The night was so clear, the moon so bright, hanging low over the city, that Leo could see every stone paving the street, every small wave in the canals as though in full daylight.
He had never been to Europe before being turned, but he had no trouble imagining what Venice might have looked like under the sun. In his mind, the sky was the palest blue rather than inky black, the water blue-green, the stones in every possible hue from white to pink.
Patting Beth’s hand on his arm, he turned to her and asked, “Would you care for a gondola ride?”
She shook her head but didn’t reply. She hadn’t said a word since thanking the concierge at the hotel. Her heels clicked sharply on the stones and the sound reverberated down the street. They had crossed two more bridges, neither more than five feet across, before she finally spoke.
He wasn’t used to such coolness in her voice, and it made him feel uncomfortable. He shrugged his shoulders, but the feeling persisted.
“Why not? It sounded like a romantic place.”
She snorted at the word ‘romantic’ and pulled her arm free of his. She slipped her hands into her coat pockets. Was she walking a little further away from him, suddenly, or was he imagining things?
“We had the entire world,” she insisted. “You mentioned Paris. Rome. So why Venice?”
She knew. All Leo needed was a look at her face, at her eyes turned to steel by the cool moonlight, to realize that she did. He stopped and she continued for a few seconds before turning back. Nothing he said would change her mind now, would it?
“How did you know?” he asked, resigned.
She raised an eyebrow. “You didn’t see him in the hotel lobby?”
Leo shook his head. His throat felt too tight to let out a word.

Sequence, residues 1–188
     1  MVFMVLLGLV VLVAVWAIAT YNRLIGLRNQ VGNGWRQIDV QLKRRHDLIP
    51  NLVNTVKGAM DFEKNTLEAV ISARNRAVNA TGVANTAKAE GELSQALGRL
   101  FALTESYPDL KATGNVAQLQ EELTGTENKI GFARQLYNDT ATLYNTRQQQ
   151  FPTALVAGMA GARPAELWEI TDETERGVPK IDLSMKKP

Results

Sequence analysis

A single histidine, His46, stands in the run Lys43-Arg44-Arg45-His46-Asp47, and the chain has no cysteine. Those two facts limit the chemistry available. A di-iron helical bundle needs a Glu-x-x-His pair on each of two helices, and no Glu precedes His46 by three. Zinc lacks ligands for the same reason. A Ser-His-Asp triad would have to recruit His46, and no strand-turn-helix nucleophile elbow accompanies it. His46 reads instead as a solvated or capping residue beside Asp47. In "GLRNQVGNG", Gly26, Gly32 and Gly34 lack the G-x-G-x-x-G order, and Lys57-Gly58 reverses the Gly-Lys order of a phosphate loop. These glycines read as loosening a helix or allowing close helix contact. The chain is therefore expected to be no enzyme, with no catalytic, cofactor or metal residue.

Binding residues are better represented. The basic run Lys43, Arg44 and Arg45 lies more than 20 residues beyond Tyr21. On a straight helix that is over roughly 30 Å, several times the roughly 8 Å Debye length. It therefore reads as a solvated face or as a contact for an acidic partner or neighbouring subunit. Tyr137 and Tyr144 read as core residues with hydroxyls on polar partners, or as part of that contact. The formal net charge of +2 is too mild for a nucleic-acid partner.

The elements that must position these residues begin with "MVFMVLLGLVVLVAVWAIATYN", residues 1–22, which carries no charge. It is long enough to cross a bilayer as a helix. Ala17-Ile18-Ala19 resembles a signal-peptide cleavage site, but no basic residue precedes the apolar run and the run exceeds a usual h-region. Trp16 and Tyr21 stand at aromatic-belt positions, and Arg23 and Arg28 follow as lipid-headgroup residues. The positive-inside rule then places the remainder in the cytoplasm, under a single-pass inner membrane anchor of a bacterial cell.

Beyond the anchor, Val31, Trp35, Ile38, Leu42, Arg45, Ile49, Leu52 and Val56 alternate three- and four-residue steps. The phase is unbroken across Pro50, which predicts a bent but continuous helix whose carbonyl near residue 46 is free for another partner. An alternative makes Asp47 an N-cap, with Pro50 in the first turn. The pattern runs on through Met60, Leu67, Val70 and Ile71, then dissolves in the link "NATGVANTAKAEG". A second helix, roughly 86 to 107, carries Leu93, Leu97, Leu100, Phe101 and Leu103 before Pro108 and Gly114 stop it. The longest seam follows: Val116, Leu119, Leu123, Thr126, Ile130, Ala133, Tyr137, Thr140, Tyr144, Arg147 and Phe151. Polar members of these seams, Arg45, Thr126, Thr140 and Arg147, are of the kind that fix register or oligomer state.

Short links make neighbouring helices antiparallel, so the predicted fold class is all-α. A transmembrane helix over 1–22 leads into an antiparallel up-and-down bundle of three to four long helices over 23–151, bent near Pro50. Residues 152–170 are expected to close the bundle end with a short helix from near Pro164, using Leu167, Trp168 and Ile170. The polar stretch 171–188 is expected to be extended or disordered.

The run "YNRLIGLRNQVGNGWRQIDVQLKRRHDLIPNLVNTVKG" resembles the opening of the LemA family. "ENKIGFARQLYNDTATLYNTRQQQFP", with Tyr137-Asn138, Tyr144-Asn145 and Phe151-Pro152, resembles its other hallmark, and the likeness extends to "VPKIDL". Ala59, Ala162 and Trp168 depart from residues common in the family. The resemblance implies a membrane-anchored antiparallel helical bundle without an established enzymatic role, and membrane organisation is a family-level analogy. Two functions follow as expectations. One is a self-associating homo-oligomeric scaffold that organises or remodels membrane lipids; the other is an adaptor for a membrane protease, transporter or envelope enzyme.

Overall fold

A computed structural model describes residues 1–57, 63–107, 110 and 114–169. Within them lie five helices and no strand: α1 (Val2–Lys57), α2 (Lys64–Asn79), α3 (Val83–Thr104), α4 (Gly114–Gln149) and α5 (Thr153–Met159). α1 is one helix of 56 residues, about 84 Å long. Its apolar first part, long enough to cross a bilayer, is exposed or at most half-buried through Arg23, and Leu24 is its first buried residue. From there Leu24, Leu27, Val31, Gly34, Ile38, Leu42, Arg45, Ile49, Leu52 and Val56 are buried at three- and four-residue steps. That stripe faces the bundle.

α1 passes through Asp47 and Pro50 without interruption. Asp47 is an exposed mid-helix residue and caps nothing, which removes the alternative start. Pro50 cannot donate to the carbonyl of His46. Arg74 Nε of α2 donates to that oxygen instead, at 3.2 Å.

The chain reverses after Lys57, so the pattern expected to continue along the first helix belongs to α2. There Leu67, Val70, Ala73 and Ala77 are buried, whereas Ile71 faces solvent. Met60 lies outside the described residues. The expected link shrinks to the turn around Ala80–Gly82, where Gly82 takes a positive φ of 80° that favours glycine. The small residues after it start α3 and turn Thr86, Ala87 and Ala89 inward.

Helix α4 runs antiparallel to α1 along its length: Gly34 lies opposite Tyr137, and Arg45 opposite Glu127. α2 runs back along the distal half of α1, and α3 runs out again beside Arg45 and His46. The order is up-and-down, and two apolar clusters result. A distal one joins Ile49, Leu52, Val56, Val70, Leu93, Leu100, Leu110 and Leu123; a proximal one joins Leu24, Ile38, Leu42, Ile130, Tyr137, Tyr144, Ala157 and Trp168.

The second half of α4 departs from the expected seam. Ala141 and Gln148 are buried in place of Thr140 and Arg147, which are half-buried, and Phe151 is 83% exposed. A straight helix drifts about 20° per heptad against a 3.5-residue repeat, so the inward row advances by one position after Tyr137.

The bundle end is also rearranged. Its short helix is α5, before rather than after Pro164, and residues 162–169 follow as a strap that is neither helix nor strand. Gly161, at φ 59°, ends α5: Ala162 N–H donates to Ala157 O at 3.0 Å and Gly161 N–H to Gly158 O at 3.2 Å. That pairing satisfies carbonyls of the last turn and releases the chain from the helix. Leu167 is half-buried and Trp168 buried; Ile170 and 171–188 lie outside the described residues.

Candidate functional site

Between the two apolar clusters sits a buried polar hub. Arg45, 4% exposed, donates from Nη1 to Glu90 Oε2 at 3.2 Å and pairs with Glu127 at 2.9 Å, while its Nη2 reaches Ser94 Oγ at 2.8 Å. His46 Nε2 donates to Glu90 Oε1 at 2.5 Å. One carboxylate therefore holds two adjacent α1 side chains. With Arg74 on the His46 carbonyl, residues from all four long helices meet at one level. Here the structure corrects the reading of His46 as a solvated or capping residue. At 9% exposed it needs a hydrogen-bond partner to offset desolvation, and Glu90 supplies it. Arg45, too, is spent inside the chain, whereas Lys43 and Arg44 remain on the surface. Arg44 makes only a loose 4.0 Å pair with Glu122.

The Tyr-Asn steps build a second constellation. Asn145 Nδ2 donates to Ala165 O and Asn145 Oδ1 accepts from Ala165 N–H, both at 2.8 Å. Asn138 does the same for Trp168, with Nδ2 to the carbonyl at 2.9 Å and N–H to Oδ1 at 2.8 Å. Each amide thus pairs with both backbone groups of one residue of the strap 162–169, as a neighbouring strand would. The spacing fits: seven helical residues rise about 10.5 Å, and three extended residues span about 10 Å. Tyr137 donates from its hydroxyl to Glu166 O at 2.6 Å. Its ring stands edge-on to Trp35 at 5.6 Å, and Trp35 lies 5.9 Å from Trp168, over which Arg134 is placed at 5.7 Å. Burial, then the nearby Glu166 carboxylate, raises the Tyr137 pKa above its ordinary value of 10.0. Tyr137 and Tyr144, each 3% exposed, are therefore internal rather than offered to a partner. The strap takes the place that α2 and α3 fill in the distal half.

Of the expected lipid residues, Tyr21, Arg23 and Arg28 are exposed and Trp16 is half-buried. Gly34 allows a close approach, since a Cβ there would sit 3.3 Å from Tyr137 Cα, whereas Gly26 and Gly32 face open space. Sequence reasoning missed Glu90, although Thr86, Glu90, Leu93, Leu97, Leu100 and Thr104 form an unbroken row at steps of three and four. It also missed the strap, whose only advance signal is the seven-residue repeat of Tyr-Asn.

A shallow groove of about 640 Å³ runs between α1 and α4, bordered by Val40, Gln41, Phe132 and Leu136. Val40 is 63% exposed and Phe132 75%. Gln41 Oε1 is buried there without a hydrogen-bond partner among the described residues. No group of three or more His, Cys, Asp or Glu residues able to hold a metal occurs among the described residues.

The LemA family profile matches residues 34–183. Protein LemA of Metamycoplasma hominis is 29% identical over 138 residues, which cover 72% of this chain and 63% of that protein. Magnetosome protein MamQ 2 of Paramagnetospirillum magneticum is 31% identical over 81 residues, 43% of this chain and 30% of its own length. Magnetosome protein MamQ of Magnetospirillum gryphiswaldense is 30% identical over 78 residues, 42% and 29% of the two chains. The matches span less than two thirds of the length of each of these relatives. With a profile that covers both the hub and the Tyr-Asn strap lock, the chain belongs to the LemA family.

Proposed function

“He wanted me to see him,” Beth continued still as coolly. “He wanted me to know he was there too. And not by coincidence. Is it?”
Another shake of head. Neither of them moved, but Leo had rarely felt as far from her as he did at that moment.
“He contacted me,” Leo offered. “He said he’d be here, and that we could come back if—”
She turned on her heel and strode away. It took a few seconds for Leo to react and rush after her. He caught her elbow, and held on even when she tried to pull free until she cast a fiery glare at him.
“It’s not as easy for me as it is for you,” he offered in a hushed, shamed voice. She was only days older than he was, but she had shaken off their Sire’s hold on her in a way that Leo could only hope to achieve. “I just thought… I don’t know.”
Her stare pinned him in place. “I’m not going back to him. Not now, not ever. I’m leaving tonight. Are you coming with me?”
Or are you staying with him, was what she meant, but she didn’t need to say it. Leo bowed his head. “With you,” he murmured. “Of course.”
She nodded sharply and led the way back to the hotel. They didn’t see their Sire there, and left before the night was over.
But when Leo received another postcard, two months later, with just a few words spelling out an invitation, the temptation was still the same to return to their Sire – and to follow his lead once more. He didn’t know how long he would be able to resist.